A beaded detail that is molded into the inside edge of the face of each
Board and Batten:
Traditionally used on barns but ideal for more rustic homes. Authentic
tongue and groove look with the front and back of the shutter featuring
the same bevelled look as if the shutter were made of individual
Flat Panel Shutter:
A solid shutter where the center portion of the shutter is recessed from
the stiles (i.e. Memphis style shutter).
Fixed Louvered Shutter:
Positioned the historically accurate way, the louvers are tilted in towards
the wall when the shutter is in the open position.
A single shutter or 1/2 pair.
A notched hole in the rails that accommodated the ends of the tilt rod
when the louvers were in the closed position. Now it just adds to
the authenitc appearence.
The vertical element between the stiles that acts as a divider. Found
in Bahama shutters.
Radius or Arched Top:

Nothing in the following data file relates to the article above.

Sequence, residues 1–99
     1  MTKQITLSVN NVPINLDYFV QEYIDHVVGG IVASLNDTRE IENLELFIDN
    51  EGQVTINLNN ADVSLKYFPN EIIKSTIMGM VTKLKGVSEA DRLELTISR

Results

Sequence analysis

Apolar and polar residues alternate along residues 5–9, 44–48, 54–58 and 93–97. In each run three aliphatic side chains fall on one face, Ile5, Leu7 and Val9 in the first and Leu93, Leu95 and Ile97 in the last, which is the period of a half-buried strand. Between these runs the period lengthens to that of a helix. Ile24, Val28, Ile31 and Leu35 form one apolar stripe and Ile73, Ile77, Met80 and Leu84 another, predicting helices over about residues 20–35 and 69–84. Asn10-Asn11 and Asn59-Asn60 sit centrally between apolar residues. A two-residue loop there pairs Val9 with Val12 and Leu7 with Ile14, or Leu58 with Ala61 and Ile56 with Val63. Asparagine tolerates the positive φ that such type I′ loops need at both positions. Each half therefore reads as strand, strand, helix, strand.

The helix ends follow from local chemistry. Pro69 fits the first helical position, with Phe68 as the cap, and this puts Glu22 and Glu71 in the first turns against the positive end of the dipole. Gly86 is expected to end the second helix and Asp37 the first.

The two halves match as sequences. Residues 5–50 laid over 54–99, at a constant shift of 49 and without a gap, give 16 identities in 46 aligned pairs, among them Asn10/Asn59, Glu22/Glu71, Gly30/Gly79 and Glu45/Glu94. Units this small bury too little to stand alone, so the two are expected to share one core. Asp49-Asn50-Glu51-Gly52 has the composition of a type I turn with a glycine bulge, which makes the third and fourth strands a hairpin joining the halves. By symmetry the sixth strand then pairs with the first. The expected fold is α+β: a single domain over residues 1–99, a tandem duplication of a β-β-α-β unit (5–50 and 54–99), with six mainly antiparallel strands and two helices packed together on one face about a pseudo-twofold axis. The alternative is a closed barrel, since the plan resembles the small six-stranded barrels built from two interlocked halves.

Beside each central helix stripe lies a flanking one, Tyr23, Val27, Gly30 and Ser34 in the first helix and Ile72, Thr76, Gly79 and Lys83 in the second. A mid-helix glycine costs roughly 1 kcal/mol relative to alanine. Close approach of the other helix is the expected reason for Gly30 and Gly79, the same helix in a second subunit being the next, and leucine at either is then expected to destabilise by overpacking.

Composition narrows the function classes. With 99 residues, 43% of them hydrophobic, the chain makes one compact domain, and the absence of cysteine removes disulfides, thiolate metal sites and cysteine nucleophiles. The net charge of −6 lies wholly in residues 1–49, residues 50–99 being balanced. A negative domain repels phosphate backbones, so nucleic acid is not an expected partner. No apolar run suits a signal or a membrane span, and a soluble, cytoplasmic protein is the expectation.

A shutter which has a curved top.
The horizontal crosspieces of a shutter (i.e. top rail, bottom rail,
Raised Panel Shutter:
A solid shutter where the center portion of the shutter panel protrudes
outward from the surrounding routed bevel.
A metal (most ususally copper) capping that was placed over the top edge
of the shutter to prevent water intrusion and the resulting wood
The upright vertical sections of a shutter which may be beaded or non-beaded.
Working louver shutters had a rod, or tilt-rod, to move the louvers into
the open or closed position. These are now purely decorative for
those who truly desire the more authentic look.